Past Meetup

Bay Area Hadoop User Group (HUG) Monthly Meetup

This Meetup is past

350 people went

Location image of event venue


Detailed agenda and summaries to follow. General agenda:

6:00 - 6:30 - Socialize over food and beer(s) 6:30 - 7:00 - HCatalog Overview 7:00 - 7:30 - Rhadoop, Hadoop for R 7:30 - 8:00 - Storm: distributed and fault-tolerant realtime computation

HCatalog Overview

HCatalog is a table abstraction and a storage abstraction system that makes it easy for multiple tools to interact with the same underlying data. A common buzzword in the NoSQL world today is that of polyglot persistence. Basically, what that comes down to is that you pick the right tool for the job. In the Hadoop ecosystem, you have many tools that might be used for data processing - you might use Pig or Hive, or your own custom MapReduce program, or that shiny new GUI-based tool that's just come out. And which one to use might depend on the user, or on the type of query you're interested in, or the type of job we want to run. From another perspective, you might want to store your data in columnar storage for efficient storage and retrieval for particular query types, or in text so that users can write data producers in scripting languages like Perl or Python, or you may want to hook up that HBase table as a data source. As a end-user, I want to use whatever data processing tool is available to me. As a data designer, I want to optimize how data is stored. As a cluster manager/data architect, I want the ability to share pieces of information across the board, and move data back and forth fluidly. HCatalog's hopes and promises are the realization of all of the above.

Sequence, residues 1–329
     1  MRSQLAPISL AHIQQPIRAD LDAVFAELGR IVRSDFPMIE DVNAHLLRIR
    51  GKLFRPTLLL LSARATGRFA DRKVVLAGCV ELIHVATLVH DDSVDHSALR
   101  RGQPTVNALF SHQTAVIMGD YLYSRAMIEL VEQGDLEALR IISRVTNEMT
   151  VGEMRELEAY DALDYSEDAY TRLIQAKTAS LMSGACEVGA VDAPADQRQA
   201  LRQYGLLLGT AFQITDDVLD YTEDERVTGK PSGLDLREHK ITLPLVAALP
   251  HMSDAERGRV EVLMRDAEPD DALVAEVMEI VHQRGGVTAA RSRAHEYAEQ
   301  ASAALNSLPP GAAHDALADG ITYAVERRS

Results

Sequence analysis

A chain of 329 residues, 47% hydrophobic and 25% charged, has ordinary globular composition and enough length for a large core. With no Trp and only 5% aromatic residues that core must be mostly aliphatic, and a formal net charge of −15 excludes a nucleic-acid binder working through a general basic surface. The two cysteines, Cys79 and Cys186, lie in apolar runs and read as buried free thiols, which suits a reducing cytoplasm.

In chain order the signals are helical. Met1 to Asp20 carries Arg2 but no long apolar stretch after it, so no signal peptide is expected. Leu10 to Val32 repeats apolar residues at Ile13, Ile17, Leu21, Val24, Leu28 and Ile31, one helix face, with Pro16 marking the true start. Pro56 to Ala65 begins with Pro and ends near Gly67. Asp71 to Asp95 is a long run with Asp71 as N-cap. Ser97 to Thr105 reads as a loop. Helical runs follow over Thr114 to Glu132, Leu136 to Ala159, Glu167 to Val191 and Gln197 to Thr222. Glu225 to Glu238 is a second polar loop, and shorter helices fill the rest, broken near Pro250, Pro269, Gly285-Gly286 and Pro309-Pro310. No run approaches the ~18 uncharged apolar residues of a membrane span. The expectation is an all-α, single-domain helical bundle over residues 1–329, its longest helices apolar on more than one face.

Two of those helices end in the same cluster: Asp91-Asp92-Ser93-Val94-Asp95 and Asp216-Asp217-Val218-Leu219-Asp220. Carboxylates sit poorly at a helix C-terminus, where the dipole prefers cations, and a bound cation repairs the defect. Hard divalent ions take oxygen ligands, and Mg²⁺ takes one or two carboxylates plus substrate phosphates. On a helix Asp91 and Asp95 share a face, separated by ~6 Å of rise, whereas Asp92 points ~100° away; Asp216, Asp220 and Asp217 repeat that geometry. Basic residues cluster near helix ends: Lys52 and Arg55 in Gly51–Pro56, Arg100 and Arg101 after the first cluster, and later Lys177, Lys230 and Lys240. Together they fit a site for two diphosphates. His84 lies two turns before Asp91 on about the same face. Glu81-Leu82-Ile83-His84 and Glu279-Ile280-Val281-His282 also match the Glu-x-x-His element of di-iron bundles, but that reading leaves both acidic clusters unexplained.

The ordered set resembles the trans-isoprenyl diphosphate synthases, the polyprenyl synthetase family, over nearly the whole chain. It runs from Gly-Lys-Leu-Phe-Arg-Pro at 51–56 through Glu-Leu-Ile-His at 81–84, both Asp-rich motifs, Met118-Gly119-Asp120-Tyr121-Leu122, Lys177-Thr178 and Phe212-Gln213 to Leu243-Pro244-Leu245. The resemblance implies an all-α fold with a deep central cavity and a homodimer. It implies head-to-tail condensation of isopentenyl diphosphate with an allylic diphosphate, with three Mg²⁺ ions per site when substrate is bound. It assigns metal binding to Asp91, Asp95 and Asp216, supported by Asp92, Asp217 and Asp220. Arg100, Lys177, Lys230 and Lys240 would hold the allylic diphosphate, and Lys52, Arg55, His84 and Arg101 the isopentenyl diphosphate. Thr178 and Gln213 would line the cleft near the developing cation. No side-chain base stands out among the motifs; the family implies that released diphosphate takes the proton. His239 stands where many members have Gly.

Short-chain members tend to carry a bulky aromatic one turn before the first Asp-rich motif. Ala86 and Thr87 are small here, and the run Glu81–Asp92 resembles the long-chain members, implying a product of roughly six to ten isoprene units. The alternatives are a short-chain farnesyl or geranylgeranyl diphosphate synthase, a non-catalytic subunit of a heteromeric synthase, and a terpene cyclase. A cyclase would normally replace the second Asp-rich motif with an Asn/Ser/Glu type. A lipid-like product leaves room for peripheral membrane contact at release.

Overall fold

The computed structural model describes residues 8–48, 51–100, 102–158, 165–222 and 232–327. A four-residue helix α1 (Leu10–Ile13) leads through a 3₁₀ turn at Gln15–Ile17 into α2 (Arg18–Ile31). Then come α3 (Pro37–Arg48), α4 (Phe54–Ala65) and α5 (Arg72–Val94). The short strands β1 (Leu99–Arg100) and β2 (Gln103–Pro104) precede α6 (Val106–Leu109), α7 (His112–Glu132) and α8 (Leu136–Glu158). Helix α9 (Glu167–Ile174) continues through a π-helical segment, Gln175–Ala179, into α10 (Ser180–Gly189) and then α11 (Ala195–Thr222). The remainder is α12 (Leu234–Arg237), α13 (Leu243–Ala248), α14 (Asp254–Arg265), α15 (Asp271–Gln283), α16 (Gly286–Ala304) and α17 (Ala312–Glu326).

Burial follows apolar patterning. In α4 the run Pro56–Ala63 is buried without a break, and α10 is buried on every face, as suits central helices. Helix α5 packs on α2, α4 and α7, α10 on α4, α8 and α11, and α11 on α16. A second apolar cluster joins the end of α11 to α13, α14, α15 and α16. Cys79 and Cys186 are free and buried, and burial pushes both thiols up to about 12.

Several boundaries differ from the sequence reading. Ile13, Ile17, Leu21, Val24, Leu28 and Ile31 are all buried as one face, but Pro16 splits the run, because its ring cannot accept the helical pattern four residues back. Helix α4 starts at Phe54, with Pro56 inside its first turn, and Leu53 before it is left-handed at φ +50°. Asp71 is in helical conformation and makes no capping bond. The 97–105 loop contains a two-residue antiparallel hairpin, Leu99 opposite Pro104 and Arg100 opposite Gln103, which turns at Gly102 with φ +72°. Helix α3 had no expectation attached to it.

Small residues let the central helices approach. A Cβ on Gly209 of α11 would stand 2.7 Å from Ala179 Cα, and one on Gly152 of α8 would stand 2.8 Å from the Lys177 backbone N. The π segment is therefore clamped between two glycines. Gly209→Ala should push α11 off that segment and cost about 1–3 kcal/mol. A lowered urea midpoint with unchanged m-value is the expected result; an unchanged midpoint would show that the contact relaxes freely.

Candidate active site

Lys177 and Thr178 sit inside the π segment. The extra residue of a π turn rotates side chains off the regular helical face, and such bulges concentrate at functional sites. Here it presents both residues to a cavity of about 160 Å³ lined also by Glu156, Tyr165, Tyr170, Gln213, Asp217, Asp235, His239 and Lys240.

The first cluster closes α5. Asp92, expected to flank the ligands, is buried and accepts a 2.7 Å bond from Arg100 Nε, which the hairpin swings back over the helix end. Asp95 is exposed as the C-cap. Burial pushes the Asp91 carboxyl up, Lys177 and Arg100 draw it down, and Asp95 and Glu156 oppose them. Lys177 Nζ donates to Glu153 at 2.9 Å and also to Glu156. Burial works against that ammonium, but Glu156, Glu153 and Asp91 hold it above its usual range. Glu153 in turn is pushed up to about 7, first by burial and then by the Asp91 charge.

Presenter: Sushanth Sowmyan, Hortonworks

Rhadoop, Hadoop for R

RHadoop is an open source project aiming to combine two rising star in the analytics firmament: R and Hadoop. With more than 2M users, R is arguably the dominant language to express complex statistical computations. Hadoop needs no introduction at HUG. With RHadoop we are trying to combine the expressiveness of R with the scalability of Hadoop and to pave the way for the statistical community to tackle big data with the tools they are familiar with. At this time RHadoop is a collection of three packages that interface with HDFS, HBase and mapreduce, respectively. For mapreduce, the package is called rmr and we tried to give it a simple, high level interface that's true to the mapreduce model and integrated with the rest of the language. We will cover the API and provide some examples.

Presenter: Antonio Piccolboni, Revolution Analytics

Storm: distributed and fault-tolerant realtime computation

Storm makes it easy to write and scale complex realtime computations on a cluster of computers, doing for realtime processing what Hadoop did for batch processing. Storm guarantees that every message will be processed. And it’s fast — you can process millions of messages per second with a small cluster. Best of all, you can write Storm topologies using any programming language. Storm was open-sourced by Twitter in September of 2011 and has since been adopted by many companies around the world.
Storm has a wide range of use cases, from stream processing to continuous computation to distributed RPC. In this talk I'll introduce Storm and show how easy it is to use for realtime computation.

Presenter: Nathan Marz, Twitter

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